1902 Encyclopedia > Armenian Church

Armenian Church

THE ARMENIAN CHURCH, is one of the oldest Eastern Christian churches not in communion with the orthodox Greek Church or with the Church of Rome.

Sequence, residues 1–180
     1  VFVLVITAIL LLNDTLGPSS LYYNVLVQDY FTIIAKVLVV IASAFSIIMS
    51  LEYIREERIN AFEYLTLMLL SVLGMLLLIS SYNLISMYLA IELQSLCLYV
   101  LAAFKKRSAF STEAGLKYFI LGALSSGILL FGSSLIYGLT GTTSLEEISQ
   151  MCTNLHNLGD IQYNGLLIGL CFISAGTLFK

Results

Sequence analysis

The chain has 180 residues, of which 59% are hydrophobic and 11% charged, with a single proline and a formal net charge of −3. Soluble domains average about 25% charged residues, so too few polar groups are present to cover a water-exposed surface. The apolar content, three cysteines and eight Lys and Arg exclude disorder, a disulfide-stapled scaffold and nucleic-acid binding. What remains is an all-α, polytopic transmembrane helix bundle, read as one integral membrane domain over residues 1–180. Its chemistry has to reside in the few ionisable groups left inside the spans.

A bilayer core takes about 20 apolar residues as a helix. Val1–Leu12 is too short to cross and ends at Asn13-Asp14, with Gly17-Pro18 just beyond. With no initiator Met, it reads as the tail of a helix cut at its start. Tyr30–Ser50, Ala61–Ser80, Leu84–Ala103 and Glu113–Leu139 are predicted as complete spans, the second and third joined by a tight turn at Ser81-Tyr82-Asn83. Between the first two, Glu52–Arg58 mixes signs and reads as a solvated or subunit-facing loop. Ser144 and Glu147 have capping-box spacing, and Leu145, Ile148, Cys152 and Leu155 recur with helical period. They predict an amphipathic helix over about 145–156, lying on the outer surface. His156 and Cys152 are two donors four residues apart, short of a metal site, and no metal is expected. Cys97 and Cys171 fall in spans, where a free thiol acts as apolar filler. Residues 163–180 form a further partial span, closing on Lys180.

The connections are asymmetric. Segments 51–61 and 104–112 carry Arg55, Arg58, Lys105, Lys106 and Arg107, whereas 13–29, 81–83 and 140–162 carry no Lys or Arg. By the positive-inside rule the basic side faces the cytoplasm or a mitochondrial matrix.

1. History.—This is divided into three periods, from 34 to 302 A.D., from 302 to 491, and from 491 to the present time. (1.) The first period is mainly legendary. The Church of Armenia claims an older than apostolic foundation. Our Lord, they say, corresponded by letter with Akbar, prince of Ur or Orfa; and the apostle Thaddeus, accompanied by Bartholomew and Judas, preached the gospel, and founded a Christian church in Armenia as early as the year 34 A.D. But whatever the value of these primitive traditions, Armenia could hardly be said to have a church at all during this first period, although there are evident traces of Christian worship in the country at a very early time. (2.) The historical founder of the Armenian Church was S. Gregory, called the " Illuminator." He was a prince of the reigning family of the Arsacidae, who, having been converted to Christianity, was eager for the conversion of his countrymen. In his missionary work he endured many persecutions, but at last managed to win over the king of Armenia and a considerable portion of his subjects. At the king's desire Gregory went to Cassarea, or Sis, and was there consecrated bishop of Armenia (302 A.D.) His successors afterwards assumed the title of Patriarch, subsequently Catholicos, and under their rule the infant church grew and prospered. It had to struggle against the opposition of heathen fellow-countrymen and Persian conquerors, but it succeeded in establishing itself in the hearts of the people. The Bible was translated in 410 A.D. ; the Liturgy, said to be very old, was improved; and the Armenian bishops took part in several of the synods of the church, notably in the third oecumenical council (Ephesus, 431 A.D.) About 450 A.D. the Armenian Church suffered a severe persecution, which prevented any of the bishops being present at the fourth oecumenical council (Chalcedon, 451 A.D.), at which Eutyches and his followers, the extreme opponents of Nestorius, were condemned. The Armenian Church never accepted the decisions of the Council of Chalcedon, and, in 491 A.D., the patriarch, in full synod, solemnly annulled them. This act led to the separation of the Armenian from the orthodox Greek Church. (3.) The period of schismatic existence divides into three—(a), from 491 A.D. to the middle of the 15th century; (6), from the middle of the 15th to the middle of the 18th centuries; (c), from 1746 down to the present time. It is difficult to account for the schism of the Armenian Church; according to common report, the Armenians were Eutychians, and were virtually cut off from the church when the Council of Chalcedon condemned that heresy, but their own account of the matter in their authoritative documents is very different. They allege that they were misled by false reports when they annulled the fourth council; that it was reported to them that the council had decided in favour of the Nestorian heresy, and that this mistake was confirmed by a letter to the patriarch upon the subject from the bishop of Rome, in which certain words were used which might easily be interpreted in the Nestorian sense. The Patriarch Narses, in his letter to the Emperor Manuel Com-nenus, in 1166, distinctly repudiates the Eutychian heresy, but it is to be noted that, in defending the doctrinal views of his church, he employs the somewhat vague terms in use before the Council of Chalcedon, not those stricter defini-tions which were in use afterwards; he employs o-u/t/xi|ts, for instance, in its pre-Chalcedonian meaning, not evwo-is. However occasioned, the separation was gradual; Armenian bishops attended the 5th, 6th, and 7th oecumenical councils (2d of Constantinople, 553; 3d of Constantinople, 680; 2d of Nicasa, 788), and the church acknowledges the decrees of those councils as binding. Cut off from the Eastern Church, the Armenian bishops became all the more closely identified with their native country, and kept alive patriotic feeling in times of great national distress. In spite of many national calamities, foreign domination, internal dissensions, and even banishment, the Armenian Church preserved its character, doctrine, and discipline until the middle of the 15th century, when great dissensions arose which resulted in a schism. These quarrels were occasioned by Jesuit missionaries, who endeavoured to make the Armenians adopt the doctrine, liturgy, and ceremonies of the Roman Church. They succeeded in prevailing upon a great number of the adherents of the Armenian Church to separate from the community and join the communion of Rome. The Catholic Armenians, as they are called, first became a separate community towards the end of the 16th century; their existence has proved a source of great weakness to the orthodox church, and through their exer-tions the old persecutions were revived. This state of matters went on until the middle of the 18th century, when the patriarch sought and obtained the intervention of Peter the Great of Russia. Since then the Armenian Church has found shelter under the protection of Russia. There is a reformation now going on in the Armenian Church, and a Reformed Church has arisen, which seeks to ally itself with the Calvinist Churches of Europe and America.